Snow White heated the water and luxuriated in the first long, private bath in months. She almost wished the huntsman would come by.

Snow White washed all the linens and scrubbed what she could of the cottage. She hated cleaning, but she hated dirt worse. The days passed and she found herself missing the company. They were pigs and perverts and whatever else, but they surrounded her with life. Snow White wasn’t very good company for herself.

The huntsman never showed and when the little men came home she learned why.

“The Queen had him him tied to a stake and then choked him with his own organ.”

“How could she choke him with his heart?” she said.

“It wasn’t his heart,” Handy said, “It was a different organ.”

“Right,” Snow White said, “so what did you buy for food?”

“The usual,” Chubby said. Snow White rolled her eyes. “If we bought anything different the Queen would suspect something.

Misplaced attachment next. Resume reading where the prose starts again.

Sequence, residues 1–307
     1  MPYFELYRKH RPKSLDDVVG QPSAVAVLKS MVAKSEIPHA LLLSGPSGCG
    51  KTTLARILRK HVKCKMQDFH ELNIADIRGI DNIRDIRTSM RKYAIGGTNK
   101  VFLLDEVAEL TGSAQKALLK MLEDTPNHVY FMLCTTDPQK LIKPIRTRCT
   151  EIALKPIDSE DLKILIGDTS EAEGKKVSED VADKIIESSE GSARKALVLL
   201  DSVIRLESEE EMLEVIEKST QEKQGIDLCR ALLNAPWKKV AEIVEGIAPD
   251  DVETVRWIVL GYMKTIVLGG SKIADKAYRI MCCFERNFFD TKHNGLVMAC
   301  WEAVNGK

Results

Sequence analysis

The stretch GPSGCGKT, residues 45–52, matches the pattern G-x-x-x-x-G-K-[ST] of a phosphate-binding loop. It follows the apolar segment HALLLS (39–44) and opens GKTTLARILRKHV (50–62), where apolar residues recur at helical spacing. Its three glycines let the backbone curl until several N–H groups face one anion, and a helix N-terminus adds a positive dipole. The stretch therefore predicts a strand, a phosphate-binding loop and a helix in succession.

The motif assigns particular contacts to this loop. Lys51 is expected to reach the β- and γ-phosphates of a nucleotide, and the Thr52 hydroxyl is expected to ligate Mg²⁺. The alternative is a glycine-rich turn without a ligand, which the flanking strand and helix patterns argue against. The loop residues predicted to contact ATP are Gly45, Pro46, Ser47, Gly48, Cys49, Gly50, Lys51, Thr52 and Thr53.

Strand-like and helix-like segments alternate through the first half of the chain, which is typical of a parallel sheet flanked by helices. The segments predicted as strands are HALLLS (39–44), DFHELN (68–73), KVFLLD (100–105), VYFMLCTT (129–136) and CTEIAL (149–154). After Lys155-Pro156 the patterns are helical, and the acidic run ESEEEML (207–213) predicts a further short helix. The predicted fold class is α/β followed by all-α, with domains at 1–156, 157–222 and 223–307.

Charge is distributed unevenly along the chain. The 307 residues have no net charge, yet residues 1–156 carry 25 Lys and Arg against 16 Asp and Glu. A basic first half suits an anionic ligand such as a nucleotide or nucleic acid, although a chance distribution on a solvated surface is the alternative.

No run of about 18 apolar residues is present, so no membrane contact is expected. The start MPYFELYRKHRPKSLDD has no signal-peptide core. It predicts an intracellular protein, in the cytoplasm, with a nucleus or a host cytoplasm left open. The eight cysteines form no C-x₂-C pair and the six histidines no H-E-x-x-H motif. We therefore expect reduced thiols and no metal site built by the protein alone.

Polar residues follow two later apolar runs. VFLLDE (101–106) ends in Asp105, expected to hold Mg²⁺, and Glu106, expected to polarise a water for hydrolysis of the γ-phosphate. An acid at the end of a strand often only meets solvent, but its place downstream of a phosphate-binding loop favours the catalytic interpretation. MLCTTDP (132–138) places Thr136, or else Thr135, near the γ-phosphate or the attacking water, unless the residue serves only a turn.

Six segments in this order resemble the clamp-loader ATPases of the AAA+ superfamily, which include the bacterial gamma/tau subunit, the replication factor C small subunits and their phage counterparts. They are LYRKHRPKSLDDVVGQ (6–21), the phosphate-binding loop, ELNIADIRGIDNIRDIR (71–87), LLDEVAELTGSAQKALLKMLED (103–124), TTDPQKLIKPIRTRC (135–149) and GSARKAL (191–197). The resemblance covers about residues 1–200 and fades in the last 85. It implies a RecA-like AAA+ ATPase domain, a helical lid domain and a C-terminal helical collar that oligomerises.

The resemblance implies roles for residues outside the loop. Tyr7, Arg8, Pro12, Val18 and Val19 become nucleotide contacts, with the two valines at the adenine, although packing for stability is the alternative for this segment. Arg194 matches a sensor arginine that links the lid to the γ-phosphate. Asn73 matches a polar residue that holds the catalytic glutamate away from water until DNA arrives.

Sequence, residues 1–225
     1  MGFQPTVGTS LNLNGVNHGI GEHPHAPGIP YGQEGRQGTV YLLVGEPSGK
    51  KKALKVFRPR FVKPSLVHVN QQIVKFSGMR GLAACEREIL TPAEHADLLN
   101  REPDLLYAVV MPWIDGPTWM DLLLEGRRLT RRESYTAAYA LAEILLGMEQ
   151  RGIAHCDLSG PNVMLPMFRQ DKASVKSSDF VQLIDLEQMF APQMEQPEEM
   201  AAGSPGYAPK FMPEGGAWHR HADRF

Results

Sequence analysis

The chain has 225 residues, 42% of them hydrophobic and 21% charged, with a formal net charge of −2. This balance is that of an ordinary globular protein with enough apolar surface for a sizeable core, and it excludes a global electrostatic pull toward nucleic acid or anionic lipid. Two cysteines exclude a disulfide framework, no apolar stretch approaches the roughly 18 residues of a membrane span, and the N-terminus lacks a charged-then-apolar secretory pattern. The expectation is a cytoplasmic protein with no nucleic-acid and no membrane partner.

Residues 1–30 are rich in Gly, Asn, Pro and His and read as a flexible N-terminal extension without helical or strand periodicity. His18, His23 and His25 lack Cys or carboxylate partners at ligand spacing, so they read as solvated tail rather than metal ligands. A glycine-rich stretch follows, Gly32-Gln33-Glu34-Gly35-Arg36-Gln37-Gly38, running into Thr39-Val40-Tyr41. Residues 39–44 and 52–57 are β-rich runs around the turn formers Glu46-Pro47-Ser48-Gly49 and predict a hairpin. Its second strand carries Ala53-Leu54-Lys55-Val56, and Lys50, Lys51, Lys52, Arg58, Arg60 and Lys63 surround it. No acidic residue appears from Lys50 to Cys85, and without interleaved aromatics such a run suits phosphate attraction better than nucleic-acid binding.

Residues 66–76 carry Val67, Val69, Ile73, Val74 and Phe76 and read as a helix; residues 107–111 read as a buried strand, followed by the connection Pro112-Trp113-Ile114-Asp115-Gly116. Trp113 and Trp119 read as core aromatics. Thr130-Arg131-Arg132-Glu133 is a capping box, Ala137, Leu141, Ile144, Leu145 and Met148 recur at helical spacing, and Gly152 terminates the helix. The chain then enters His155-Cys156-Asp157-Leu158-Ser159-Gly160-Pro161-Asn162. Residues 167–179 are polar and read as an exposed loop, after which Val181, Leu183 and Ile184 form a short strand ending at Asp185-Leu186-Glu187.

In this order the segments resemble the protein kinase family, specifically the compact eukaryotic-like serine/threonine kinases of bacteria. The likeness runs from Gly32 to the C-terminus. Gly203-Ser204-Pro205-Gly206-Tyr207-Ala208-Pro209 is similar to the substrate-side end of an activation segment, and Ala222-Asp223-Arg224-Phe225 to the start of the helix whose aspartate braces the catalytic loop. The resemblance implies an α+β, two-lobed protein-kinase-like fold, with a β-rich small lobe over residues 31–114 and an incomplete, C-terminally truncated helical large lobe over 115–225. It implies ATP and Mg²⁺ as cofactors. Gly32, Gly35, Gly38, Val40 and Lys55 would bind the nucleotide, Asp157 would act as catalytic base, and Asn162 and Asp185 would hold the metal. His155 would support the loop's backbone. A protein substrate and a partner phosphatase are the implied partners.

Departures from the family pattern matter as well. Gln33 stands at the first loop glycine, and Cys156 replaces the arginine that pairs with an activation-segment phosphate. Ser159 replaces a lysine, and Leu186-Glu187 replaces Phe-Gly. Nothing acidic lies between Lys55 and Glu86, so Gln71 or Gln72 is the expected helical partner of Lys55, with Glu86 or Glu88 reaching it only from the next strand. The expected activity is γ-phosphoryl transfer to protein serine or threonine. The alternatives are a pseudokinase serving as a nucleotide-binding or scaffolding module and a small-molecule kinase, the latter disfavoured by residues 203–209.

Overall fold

“Why would she care about a few grubby miners?”

“She cared about the huntsman sure enough,” Pinky said.

Snow White shrugged.

“You don’t seem too upset that a man who saved your life is dead.” Handy said.

“Every man in my life ends up dead,” Snow White said, “It’s like a curse.” She laughed as the little men all backed away from her. “Dinner isn’t going to cook itself.” She walked into the cottage. “I’ll call you when it’s ready,” she said over her shoulder.

The little men kept their distance for a day or two, but habit and inclination were too strong and soon they were ogling her again and strutting naked through the cottage. Their raspy voices called from the top of the stairs at night. Snow White went from feeling dingy grey to feeling very dark indeed.

Their snores still kept her awake; but something was different tonight. The sound didn’t have its full richness. A small man climbed into her bed and grabbed at her flesh.